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This article participates on the following special index pages:

  • NGO Bill - Index of Opinion and Analysis


  • NGO Bill will hit hard vulnerable groups, parliamentary committee told
    Zim-Online
    September 08, 2004

    http://www.zimonline.co.za/headdetail.asp?ID=262

    HARARE - HIV/AIDS, church and student organisations yesterday told a parliamentary committee that a proposed law to regulate Non-Governmental Organisations (NGOs) in Zimbabwe could see humanitarian assistance to the country drying up.

    The groups told Parliament's Portfolio Committee on Public Service, Labour and Social Welfare that banning foreign assistance to NGOs as proposed under the new law will only help cut aid to the most vulnerable groups in Zimbabwe.

    The committee is hearing submissions on the NGO Bill that is expected to be passed into law when Parliament resumes next month.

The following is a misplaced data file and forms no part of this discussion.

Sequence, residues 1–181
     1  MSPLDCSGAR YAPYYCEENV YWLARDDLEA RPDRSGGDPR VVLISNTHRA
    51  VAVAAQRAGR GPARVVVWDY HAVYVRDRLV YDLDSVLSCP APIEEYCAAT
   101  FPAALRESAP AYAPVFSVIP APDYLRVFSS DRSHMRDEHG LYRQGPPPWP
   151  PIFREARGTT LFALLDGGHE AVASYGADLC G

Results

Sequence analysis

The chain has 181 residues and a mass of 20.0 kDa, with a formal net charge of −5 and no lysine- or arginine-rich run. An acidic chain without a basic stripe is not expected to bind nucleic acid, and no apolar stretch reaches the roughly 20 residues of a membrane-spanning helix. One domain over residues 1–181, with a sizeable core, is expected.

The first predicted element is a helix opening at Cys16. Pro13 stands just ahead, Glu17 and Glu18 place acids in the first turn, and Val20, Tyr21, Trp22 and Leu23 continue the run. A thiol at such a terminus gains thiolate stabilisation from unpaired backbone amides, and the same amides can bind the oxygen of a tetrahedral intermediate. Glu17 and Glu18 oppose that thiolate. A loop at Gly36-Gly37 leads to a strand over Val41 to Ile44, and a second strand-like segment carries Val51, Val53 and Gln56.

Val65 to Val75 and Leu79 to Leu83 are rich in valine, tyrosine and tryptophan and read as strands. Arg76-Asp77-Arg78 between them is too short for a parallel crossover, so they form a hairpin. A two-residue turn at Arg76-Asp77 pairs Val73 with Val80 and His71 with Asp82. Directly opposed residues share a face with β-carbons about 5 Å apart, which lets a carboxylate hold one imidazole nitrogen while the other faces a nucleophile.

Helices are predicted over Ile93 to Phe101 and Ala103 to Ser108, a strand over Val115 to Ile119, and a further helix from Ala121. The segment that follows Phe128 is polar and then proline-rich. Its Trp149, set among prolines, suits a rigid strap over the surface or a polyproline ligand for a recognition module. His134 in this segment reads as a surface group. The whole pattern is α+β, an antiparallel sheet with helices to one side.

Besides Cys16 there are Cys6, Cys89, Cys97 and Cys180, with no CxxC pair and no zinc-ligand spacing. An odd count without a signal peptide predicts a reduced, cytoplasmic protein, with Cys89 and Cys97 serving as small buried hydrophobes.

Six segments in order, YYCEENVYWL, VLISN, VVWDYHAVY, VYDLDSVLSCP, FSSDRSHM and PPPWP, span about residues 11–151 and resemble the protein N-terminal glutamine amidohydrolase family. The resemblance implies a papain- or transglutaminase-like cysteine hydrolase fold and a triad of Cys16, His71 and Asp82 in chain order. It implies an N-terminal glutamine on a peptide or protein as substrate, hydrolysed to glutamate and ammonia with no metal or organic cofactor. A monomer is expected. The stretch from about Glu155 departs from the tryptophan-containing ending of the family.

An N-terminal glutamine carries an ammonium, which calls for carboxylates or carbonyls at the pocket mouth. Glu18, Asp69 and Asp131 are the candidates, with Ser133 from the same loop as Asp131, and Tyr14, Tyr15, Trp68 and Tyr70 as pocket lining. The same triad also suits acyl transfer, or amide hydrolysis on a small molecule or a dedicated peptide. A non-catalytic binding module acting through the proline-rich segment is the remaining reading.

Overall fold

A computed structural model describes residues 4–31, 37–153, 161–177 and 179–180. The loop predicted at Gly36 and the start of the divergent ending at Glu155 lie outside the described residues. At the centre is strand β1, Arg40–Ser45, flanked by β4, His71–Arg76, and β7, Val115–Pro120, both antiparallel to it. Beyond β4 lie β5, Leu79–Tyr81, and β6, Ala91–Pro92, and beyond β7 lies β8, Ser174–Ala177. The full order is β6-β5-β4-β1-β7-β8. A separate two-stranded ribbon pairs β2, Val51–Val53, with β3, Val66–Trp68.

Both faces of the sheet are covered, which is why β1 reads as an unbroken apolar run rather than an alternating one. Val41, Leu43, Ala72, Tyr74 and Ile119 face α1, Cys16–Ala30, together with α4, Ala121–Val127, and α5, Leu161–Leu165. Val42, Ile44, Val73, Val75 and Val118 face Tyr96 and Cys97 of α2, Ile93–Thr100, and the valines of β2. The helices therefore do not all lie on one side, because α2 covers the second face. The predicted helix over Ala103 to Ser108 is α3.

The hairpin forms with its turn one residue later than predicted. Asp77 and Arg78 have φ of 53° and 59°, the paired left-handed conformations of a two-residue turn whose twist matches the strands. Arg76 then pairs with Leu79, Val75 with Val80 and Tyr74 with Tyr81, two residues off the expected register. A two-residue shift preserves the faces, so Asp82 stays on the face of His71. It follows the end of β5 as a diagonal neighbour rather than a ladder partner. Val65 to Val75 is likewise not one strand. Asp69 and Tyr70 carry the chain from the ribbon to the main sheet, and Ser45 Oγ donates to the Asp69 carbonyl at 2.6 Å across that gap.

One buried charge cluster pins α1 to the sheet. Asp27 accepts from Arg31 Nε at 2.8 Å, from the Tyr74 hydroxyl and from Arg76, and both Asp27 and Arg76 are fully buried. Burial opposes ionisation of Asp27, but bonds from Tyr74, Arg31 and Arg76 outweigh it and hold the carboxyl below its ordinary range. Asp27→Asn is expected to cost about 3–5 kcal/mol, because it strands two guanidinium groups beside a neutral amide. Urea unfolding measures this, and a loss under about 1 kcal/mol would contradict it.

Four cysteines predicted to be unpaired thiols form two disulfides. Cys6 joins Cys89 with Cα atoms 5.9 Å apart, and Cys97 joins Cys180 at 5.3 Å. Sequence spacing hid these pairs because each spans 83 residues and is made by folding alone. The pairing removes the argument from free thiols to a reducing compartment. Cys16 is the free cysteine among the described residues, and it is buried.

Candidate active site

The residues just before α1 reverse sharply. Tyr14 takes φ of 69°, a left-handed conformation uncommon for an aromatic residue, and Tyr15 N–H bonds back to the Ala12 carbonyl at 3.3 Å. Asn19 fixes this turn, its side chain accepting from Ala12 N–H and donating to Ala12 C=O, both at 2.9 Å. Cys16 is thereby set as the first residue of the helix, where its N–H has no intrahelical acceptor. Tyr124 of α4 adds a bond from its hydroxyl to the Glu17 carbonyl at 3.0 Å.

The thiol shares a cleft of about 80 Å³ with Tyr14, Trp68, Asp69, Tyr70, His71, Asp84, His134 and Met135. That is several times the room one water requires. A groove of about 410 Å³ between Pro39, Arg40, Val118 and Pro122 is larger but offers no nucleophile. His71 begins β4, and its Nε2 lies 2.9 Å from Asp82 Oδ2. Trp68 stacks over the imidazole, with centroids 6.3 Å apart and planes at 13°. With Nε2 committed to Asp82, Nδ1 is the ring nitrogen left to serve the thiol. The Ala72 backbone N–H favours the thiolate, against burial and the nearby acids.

Zimbabwe National Students Union (ZINASU) president Philina Zamchiya said: "A number of students are beneficiaries of foreign assistance through scholarships and sponsorships, the NGO Bill will close avenues of aid."

    Zamchiya told the committee that he had himself benefited when an NGO operating in Zimbabwe helped raise money from foreign donors to pay for treatment of injuries he incurred when he was tortured by state security agents.

    The Zimbabwe National Pastors Conference (ZNPC), which is a grouping of religious ministers from various denominations, said the Bill will further reduce democratic space in Zimbabwe.

    "We strongly advocate for a fundamental revision of the Bill, which should be influenced by the understanding of democracy and civil society reflected in the newly adopted SADC election guidelines," said the ZNPC official.

    The committee will take submissions by various stakeholders to Parliament for consideration when it reviews the controversial draft Bill.

    Under the Bill, civic groups will be required to register with a government-appointed commission. NGOs will be barred from receiving money from foreign donors to fund work related to human rights and governance issues.

    Civic activists say the Bill could force more than 90 percent of NGOs in the country to close down.

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